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United States. Office of Indian Affairs / Annual report of the Commissioner of Indian Affairs, for the year 1856
([1856])

[Texas],   pp. 173-180 PDF (3.4 MB)


Page 174

INDIANS OF TEXAS. 
remarked the improved condition Of the Indians; and the large in- 
crease of the white population in the vicinity of the Indian reserves 
shows the confidence of our citizens in the present policy. The In- 
dian reserves are now embraced within the limits of an organized 
county, (Young county,) and the utmost harmony and good feeling 
exists between the Indians and the white settlers in the vicinity. 
The legislature, at its last- session, passed a law extending the 
United States intercourse laws forc"preventing the introduction and
sale of wine and spiritudus liquors" within ten miles of the In- 
dian reserves. This measure has been very beneficial; the law has 
been strictly enforced by the resident agents and the military at Fort 
Belknap and Camp Cooper, and the citizens have sustained us in its 
execution; consequently, we have not -been, to any great degree, 
troubled with intemperance, "that curse to the Indian race," and
the headmen of the several tribes deserve great credit for their exer- 
tions in suppressing its introduction. 
At the same time that I can with pleasure report the progress made 
by the Indians now settled, I deem it also necessary to call your atten-
tion seriously to the condition of the Indian population on our borders,
as they should engage the attention of your department. 
Early last spring our whole frontier was thrown into great alarm 
by the frequent depredations committed by Indians, and several mur- 
ders were committed, and a large number of horses stolen from  the 
vicinity of San Antonio and our western settlements. In order to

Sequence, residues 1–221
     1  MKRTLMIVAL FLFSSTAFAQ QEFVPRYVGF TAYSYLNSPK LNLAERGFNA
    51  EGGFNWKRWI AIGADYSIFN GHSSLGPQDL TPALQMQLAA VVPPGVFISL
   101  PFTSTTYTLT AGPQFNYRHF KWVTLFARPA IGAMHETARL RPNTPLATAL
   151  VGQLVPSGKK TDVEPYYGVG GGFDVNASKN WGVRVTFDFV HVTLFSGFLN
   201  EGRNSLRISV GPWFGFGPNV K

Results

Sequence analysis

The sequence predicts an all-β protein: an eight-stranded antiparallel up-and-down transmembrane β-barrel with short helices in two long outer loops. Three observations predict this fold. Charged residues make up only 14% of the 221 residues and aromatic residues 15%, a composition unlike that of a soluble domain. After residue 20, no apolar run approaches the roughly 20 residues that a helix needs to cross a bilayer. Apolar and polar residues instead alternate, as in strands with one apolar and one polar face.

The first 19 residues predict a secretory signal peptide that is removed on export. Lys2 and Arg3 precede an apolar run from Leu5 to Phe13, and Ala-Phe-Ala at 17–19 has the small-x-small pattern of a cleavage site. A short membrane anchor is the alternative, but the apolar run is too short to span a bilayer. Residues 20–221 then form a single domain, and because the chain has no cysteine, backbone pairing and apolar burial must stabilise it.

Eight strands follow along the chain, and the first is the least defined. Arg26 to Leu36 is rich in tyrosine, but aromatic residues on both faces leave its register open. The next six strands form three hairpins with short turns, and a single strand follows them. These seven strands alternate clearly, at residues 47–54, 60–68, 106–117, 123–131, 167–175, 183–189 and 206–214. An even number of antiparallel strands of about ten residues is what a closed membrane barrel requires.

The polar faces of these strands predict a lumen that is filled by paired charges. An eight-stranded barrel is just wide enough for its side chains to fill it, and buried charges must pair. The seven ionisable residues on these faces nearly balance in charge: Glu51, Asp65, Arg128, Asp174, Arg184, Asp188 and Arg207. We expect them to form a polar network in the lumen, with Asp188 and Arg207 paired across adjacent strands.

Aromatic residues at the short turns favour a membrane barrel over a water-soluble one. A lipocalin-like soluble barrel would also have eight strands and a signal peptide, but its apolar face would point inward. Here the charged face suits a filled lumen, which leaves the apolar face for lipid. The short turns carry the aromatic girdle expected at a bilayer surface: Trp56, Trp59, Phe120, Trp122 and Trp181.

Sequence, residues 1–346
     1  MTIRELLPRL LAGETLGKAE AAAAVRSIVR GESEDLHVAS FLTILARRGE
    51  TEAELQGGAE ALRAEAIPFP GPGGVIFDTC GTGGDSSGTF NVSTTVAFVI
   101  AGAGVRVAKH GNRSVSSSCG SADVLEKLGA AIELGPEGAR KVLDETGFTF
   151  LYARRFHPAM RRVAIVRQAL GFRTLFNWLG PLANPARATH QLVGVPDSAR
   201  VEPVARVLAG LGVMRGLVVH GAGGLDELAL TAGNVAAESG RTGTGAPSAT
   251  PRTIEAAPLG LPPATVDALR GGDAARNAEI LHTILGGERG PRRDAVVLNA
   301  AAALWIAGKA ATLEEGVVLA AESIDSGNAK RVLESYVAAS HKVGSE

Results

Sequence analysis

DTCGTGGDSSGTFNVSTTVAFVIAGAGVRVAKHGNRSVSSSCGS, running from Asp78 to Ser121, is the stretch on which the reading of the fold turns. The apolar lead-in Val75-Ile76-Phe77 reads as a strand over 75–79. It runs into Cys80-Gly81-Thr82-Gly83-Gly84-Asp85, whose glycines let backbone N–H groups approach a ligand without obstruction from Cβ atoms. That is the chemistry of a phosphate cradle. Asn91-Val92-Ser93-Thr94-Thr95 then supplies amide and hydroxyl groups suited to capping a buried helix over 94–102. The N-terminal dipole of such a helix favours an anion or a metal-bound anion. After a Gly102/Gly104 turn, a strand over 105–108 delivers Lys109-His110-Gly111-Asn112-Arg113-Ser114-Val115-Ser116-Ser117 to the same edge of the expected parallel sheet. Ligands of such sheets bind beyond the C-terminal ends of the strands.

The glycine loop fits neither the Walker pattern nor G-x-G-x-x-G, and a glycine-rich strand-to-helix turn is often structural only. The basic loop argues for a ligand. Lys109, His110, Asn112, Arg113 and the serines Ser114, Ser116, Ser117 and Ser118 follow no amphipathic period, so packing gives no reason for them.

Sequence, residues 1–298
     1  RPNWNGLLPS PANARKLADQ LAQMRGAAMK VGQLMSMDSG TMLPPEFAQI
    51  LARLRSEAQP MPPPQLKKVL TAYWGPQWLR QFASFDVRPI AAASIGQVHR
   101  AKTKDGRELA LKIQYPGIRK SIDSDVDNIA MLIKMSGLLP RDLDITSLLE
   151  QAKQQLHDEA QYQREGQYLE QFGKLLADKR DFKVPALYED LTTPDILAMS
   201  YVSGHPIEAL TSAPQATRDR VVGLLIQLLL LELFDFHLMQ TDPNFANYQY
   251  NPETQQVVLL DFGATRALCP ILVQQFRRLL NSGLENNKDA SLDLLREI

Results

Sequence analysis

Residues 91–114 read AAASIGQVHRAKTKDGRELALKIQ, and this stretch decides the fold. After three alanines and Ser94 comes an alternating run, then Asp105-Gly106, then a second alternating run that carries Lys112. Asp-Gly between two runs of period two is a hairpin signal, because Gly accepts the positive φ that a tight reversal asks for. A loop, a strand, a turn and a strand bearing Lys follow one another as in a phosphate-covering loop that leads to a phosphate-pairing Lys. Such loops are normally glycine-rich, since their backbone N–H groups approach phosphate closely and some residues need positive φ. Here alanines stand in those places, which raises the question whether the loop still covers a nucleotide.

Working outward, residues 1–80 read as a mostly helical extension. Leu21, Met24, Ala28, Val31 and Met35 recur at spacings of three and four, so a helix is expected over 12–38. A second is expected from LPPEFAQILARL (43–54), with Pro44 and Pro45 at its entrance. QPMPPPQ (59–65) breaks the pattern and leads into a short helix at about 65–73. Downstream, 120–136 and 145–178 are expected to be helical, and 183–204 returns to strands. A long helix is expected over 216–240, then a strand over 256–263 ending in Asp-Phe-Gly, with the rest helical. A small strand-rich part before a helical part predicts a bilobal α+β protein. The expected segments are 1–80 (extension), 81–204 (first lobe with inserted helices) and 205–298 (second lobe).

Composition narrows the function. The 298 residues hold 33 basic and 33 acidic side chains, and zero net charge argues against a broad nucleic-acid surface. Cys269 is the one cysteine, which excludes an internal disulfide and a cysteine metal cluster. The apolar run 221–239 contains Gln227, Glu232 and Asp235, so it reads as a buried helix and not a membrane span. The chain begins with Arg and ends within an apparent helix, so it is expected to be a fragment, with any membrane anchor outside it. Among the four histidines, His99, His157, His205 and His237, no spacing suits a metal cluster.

check these depredations, and to ascertain to what tribes they be- 
longed, it became necessary to confine the Indians, (actual settlers,) 
by a concerted action between the agents and the military, to the re- 
serves, and to declare all Indians outside of the reserves hostTLe. By 
a strict adherence to this policy, those hostile bands have been checked,
some thirty or forty killed, and our frontier has, for the last three 
months, enjoyed a quiet never heretofore known. This state of things 
is mainly attributable to the energetic action of the 2d cavalry, under 
command of Colonel A. S. Johnson, who arrived on this frontier about 
the 1st of January last. 
There is still maintained on the Comanche reserve a military post 
(Camp Cooper) of two companies of 2d cavalry and two companies of 
infantry. The influence exercised by them, and the protection given 
to the Indians, has been very advantageous in giving permanency to 
our Indian settlements. In fact, it would be impossible to protect the 
Comanches against the outside influences of the more powerful bands 
of these people north without a military force, as they use all their 
influence to induce the young men to leave the reserve and join them 
in their forays to Mexico and our border settlements. 
The depredations committed on our settlements during the past 
spring were traced generally to the northern bands of Comanches and 
Kiowas. By reference to your last annual report, I perceive that the 
agents were instructed to "reside among those tribes," &c.,
&c.; it 
is to be regretted that their exertions have not been more successful in
controlling them. I fully agree-with the views expressed in your lIas 
annual report, (page 11,) "the application to these people of a sys-
tem of colonization, with the means to aid and instruct them in-the 
b-I 
174 


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